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An IProducerConsumer that does not work with the BlockingCollection

Providing progress updates is a problem that many
applications have to deal with. As users, we like seeing that the computer is
working on our behalf and isn’t stuck. Something which adds a layer of
complexity to the providing updates problem is that a background thread is
normally the thread doing work, and the GUI thread is the thread that paints
the message/status for the user to see. So the hand shaking between the worker
thread and GUI thread is something which needs to be managed. It has been the
experience of some programmers that they are able to provide progress messages
so fast that it starts to slow down the GUI, and the background threads are
getting bottlenecked by providing progress updates.

In an attempt to solve this problem generically I wrote a
class which implements the IProducerConsumer interface, but will only ever
contain the latest item added to it. The idea being that background threads can
add progress updates to it at whatever rate they desire, but when the GUI
thread asks for progress, it will only get the latest progress message.

Curious to know if this IProducerConsumer implementation
worked as the underlying data store for the BlockingCollection class, I wrote a
test to see. The test case fails when the consumer thread calls
BlockingCollection.Take(), when three items have been added to the blocking
collection, but only two items have been taken from it. When writing the test
case I was expecting the BlockingCollection to block the thread on the call to
Take() because the underlying data store didn’t have any items in it. The last
item which had been added had already been taken. What happened when running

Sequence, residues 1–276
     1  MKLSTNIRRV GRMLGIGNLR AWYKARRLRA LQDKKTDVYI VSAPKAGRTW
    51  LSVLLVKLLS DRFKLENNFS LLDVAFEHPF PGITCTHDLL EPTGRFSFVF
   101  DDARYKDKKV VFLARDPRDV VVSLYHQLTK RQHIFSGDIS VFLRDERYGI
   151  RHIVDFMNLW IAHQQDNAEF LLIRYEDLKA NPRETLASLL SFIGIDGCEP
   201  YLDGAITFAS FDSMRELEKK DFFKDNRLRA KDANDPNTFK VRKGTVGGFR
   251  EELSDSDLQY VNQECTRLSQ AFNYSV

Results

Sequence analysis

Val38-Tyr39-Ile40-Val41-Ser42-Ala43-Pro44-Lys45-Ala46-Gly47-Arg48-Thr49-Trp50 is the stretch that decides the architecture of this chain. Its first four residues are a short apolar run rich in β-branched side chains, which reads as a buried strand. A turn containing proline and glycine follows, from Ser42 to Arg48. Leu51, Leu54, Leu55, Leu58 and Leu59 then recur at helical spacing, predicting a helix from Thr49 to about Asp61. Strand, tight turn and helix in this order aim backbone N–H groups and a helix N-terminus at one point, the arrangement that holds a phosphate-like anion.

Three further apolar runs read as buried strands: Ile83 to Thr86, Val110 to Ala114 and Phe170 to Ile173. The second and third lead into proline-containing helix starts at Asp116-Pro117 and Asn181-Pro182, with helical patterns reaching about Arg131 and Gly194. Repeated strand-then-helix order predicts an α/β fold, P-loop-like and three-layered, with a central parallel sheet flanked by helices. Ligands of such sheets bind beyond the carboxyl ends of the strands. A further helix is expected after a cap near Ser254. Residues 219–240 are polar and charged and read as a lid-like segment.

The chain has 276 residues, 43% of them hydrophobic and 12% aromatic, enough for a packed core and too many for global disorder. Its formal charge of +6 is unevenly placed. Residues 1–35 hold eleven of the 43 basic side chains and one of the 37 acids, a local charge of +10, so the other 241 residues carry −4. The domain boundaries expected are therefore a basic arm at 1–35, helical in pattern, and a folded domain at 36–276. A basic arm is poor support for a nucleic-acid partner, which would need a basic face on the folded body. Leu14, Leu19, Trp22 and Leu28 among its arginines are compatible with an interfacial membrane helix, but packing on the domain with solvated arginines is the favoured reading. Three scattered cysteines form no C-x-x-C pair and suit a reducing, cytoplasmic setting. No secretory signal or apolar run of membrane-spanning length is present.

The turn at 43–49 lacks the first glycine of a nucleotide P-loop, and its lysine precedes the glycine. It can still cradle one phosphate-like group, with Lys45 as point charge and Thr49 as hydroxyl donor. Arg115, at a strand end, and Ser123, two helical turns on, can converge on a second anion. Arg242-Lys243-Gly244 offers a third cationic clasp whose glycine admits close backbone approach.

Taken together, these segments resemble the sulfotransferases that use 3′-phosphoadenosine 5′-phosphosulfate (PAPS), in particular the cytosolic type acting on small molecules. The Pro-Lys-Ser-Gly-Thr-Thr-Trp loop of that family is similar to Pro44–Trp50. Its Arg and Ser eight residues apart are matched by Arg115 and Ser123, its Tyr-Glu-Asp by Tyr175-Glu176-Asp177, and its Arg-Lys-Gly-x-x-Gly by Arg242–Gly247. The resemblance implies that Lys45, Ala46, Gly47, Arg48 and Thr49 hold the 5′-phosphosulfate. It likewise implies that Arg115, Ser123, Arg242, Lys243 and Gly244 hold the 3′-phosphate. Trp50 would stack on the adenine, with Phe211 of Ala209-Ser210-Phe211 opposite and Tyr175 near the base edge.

the test was an InvalidOperationException: The underlying collection was
modified from outside of the BlockingCollection.

At first I found this to be confusing, because the
underlying collection wasn’t modified from outside of BlockingCollection. All
of the calls to add or take items were made through the BlockingCollection. It
turns out that BlockingCollection keeps a count of how many times Add() has
been called and how many times Take() has been called. Since my
IProducerConsumer doesn’t behave similarly the BlockingCollection can’t behave
deterministically. This isn’t spelled out in the BlockingCollection documentation,
but is probably what “The BlockingCollection<T>
can become corrupted if the underlying collection is changed directly.”
is referring to. It is very important for a class like BlockingCollection to
behave deterministically, making it not unreasonable to enforce this behavior.

I was able to verify that BlockingCollection
tracks the number of items it expects the underlying data store to have by
adding a bunch of items to the BlockingCollection and then checking its Count
property. If the BlockingCollection was using the Count of the underlying
IProducerConsumer it would return a value of one, but if it kept its own count
it would return the number of times Add() had been called. The
BlockingCollection returned the number of times Add() had been called.

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